Today, in the United States District Court for the Eastern District of Louisiana, New Orleans Saints linebacker Jonathan Vilma filed a lawsuit against NFL commissioner Roger Goodell. Vilma is currently suspended for the entirety of the 2012 NFL season as a result of his alleged involvement in the Saints bounty program.
Vilma’s lawsuit alleges a cause of action for defamation. In Louisiana, defamation is defined as, “. . . the malicious publication or expression … of anything which tends to expose any person to hatred, contempt or ridicule, or to deprive him of the benefit of public confidence or social intercourse.”
In this instance, Vilma contends that Goodell made several defamatory statements related to his alleged participation in the bounty program. In particular, the lawsuit references a March 2, 2012 memorandum Goodell disseminated to all 32 NFL clubs. In that memorandum, Goodell “. . . alleged that ‘prior to a Saints playoff game in January, 2010, defensive captain Jonathan Vilma offered $10,000 in cash to any player who knocked [opposing quarterback Brett] Favre out of the game.'” The lawsuit also notes that the contents of the March 2, 2012 memorandum have been and continued to be reported by the media.
Additionally, on March 21, the lawsuit alleges that after handing down punishments, Goodell issued another memorandum to all 32 teams wherein he said, “I am profoundly troubled by the fact that players – including leaders among the defensive players – embraced this program so enthusiastically and participated with what appears to have been a deliberate lack of concern for the well-being of their fellow players. . .” The lawsuit alleges that this statement referred to Vilma. Within the March 21 memorandum, Goodell once again reiterated his previous March 2 statement related to Vilma and Favre. Again, the lawsuit alleges that the contents of the March 21 memorandum have been widely disseminated by the media.
The lawsuit also alleges that a statement made by Goodell in an April 24 interview that “. . . evidence was clear that the players embraced ‘a Bounty Program'” referred to Vilma.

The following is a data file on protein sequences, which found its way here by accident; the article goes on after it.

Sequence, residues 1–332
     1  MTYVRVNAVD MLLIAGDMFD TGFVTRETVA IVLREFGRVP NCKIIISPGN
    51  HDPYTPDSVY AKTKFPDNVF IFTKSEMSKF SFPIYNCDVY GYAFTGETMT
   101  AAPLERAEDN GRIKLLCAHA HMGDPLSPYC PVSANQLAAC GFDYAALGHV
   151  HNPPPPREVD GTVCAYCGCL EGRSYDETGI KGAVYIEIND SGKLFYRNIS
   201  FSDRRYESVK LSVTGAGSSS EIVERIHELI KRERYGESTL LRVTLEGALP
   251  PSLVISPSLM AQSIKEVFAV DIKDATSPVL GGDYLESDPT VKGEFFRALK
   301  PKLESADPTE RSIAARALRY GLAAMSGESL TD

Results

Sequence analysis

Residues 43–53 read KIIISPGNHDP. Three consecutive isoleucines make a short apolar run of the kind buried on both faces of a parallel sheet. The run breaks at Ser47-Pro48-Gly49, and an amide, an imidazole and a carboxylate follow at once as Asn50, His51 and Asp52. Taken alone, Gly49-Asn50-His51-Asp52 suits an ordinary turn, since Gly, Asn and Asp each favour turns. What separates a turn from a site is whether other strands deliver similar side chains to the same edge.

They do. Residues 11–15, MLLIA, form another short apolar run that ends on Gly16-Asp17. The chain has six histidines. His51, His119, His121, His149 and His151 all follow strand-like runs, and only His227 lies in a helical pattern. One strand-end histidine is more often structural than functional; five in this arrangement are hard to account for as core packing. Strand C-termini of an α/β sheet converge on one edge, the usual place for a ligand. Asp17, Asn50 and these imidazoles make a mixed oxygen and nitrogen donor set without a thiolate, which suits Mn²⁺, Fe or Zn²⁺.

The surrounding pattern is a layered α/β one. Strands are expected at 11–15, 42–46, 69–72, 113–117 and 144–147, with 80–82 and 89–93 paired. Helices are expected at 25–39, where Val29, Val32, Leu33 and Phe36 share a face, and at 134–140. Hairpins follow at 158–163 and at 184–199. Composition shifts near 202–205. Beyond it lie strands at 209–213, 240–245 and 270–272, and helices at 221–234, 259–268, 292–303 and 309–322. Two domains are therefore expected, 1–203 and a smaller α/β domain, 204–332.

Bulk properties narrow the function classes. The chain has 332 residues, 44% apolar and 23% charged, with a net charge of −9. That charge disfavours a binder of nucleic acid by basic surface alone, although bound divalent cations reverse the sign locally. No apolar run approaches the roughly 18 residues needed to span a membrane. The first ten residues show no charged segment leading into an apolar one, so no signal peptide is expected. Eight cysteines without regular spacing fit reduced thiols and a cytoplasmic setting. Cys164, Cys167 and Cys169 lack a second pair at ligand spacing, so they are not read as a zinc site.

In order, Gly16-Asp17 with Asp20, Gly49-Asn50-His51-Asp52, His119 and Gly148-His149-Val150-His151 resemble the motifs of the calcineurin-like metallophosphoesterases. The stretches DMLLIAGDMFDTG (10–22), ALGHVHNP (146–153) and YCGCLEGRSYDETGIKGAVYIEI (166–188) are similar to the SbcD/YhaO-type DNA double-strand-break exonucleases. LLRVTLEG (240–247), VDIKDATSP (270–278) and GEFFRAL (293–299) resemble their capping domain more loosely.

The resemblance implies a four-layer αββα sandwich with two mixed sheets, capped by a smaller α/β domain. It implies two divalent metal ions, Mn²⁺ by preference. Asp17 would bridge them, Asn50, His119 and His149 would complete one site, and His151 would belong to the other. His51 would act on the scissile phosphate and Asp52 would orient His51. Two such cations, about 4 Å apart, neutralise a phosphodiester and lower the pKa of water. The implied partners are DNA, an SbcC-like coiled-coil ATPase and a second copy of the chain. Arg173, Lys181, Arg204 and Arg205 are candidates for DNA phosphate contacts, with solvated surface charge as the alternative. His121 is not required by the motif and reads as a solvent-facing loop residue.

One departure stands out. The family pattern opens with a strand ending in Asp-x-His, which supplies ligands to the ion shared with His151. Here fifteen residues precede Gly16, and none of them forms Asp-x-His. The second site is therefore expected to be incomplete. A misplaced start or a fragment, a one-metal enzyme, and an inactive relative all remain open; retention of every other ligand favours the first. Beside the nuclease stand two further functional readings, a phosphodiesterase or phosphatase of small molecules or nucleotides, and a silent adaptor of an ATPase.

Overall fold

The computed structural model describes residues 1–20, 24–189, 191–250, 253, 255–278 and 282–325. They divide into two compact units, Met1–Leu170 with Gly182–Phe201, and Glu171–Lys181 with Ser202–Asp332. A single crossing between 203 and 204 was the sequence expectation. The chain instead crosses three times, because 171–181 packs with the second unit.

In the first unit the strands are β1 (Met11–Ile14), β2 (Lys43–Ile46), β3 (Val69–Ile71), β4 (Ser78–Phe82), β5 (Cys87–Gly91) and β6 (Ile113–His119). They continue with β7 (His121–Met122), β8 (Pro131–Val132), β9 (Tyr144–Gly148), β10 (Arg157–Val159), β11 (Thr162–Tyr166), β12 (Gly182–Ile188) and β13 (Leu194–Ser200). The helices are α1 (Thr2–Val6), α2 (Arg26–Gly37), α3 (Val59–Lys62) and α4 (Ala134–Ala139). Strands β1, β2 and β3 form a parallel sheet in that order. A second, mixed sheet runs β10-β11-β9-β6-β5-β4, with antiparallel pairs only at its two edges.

On May 2, Goodell handed down player punishments, which resulted in Vilma being suspended for the entire 2012 season. After laying out the suspensions, Goodell issued another release, wherein he more thoroughly delineated his claims against Vilma. The lawsuit asserts that these statements related to Vilma’s alleged involvement with the bounty program are defamatory.
One defense to causes of action for defamation, is that the statement is the truth. Thus, in the lawsuit, Vilma contends that there has been no corroborative evidence presented that a bounty program existed. Additionally, the lawsuit alleges that Vilma had no role in creating or orchestrating a bounty program, nor did he embrace such a program. As such, he asserts that the statements related to his alleged involvement in such a program are untrue, and as such, defamatory.
The lawsuit alleges that Vilma’s professional reputation, as clubs will be less likely to sign Vilma due to the allegedly untruthful statements made related to his alleged role in a bounty program. Likewise, the lawsuit alleges that Vilma’s personal reputation has been harmed, as his persona has been damaged in Louisiana and abroad due to the statements made related to his alleged involvement in the bounty program.
Furthermore, alone with ten various counts of defamation, the lawsuit also alleges a claim for intentional infliction of emotional distress. In this claim, Vilma alleges that the above statements made by Goodell were extreme and outrageous, and because of them, Vilma has suffered extreme emotional distress, which Goodell knew Vilma would be caused by making his statements.
Ultimately, Vilma’s lawsuit seeks compensatory and punitive damages, interest, attorneys’ fees and any other judgment the court finds proper.